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Re: [Re: Feathered/scaly theropods: trying to make the point.]

> It should also be noted that these bunch of "feathered" dinos all came
> the exact same location; which is more than just a little suspicion if you
> me.

Of course. This is because only there (among known places) is preservation
perfect enough. You don't find haired fossil mammals outside of Messel.
"The exact same location" -- well, this is _half a Chinese province_, bigger
than many small US states.

> > The most parsimonious explanation, based on these data and the most
> > commonly accepted phylogenies, is that feathery integument was present
> all members of Clade(_Sinosauropteryx_ + _Passer_*), and possibly
> > originated earlier, as far back as basal _Tetanurae_ (Clade(_Passer_ <--
> > _Ceratosaurus_)).
> +++++++++++++++++++++
> But if it originated earlier, then how does one explain the scale
> of tyrannosaurs?

Either the association with tyrannosaurs is incorrect, or tyrannosaur scales
are a secondary affair:

> > It is also possible that feathery integument extends even further than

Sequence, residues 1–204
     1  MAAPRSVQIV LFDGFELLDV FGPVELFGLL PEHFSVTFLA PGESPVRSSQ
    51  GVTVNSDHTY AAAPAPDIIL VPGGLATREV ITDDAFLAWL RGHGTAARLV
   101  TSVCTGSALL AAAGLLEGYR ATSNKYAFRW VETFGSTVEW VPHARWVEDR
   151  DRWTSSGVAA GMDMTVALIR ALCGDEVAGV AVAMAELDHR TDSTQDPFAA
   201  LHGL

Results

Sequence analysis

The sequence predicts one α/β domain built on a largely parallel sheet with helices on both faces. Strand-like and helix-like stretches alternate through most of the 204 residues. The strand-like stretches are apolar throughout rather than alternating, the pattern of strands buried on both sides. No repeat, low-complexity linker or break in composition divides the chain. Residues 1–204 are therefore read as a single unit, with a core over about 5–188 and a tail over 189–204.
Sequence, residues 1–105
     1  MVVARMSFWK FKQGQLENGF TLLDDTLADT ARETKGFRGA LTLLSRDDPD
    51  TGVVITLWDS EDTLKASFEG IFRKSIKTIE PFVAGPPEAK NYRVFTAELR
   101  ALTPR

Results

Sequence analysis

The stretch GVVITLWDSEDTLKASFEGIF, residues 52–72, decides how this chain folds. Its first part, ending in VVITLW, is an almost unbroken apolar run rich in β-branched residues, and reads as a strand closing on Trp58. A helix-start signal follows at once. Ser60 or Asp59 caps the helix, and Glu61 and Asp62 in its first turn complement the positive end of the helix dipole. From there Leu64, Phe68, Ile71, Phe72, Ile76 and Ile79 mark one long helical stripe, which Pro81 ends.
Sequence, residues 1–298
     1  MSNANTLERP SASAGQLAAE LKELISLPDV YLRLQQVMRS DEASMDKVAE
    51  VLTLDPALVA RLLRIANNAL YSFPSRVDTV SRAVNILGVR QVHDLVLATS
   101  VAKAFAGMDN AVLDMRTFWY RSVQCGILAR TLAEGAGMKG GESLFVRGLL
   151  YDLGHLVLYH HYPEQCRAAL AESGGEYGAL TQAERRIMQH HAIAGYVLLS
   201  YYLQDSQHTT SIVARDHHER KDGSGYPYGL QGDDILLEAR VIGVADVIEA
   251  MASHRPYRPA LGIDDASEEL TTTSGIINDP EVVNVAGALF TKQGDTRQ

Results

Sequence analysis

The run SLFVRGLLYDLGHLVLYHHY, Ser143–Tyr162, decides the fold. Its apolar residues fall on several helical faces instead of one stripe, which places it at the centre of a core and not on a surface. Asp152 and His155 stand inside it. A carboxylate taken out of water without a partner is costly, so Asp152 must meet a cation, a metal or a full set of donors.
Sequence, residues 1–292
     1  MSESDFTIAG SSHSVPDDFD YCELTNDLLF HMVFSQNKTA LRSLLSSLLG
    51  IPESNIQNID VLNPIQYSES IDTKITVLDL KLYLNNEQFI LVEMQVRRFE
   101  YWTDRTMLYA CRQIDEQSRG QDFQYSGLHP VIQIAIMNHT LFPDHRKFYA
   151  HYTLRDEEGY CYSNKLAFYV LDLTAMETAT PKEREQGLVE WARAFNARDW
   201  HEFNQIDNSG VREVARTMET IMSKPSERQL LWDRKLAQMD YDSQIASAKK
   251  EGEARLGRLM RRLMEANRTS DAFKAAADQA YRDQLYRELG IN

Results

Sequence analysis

> > _Neotheropoda_ (Clade(_Ceratosaurus_ + _Passer_)), and the             >
> aforementioned carnotaurines are secondarily featherless. At the other >
> of the range of possibilities, it may be that feathery integument  > is
> restricted to Clade (_Sinosauropteryx_ + _Passer_), and that certain >
> of that clade may have been secondarily featherless, either    > during
> or all of their lives.
> +++++++++++++++++++++++++
> The only evidence I have seen for the former would be Zhou & Niswander's
> scutes = feathers discovery. And since no one has done any follow up work
> it (AFAIK), this seems to be the extent of any evidence for BCF type
> feathering.
> [...]
> Why noone has tried making fuzzy crocodiles, I'll never know :)

Lack of time and money? Try it! :-)

> Jura - who believes all dinosaurs are scaly, until proven otherwise.

It _is_ proven otherwise (not a mathematical proof, but a juridical proof).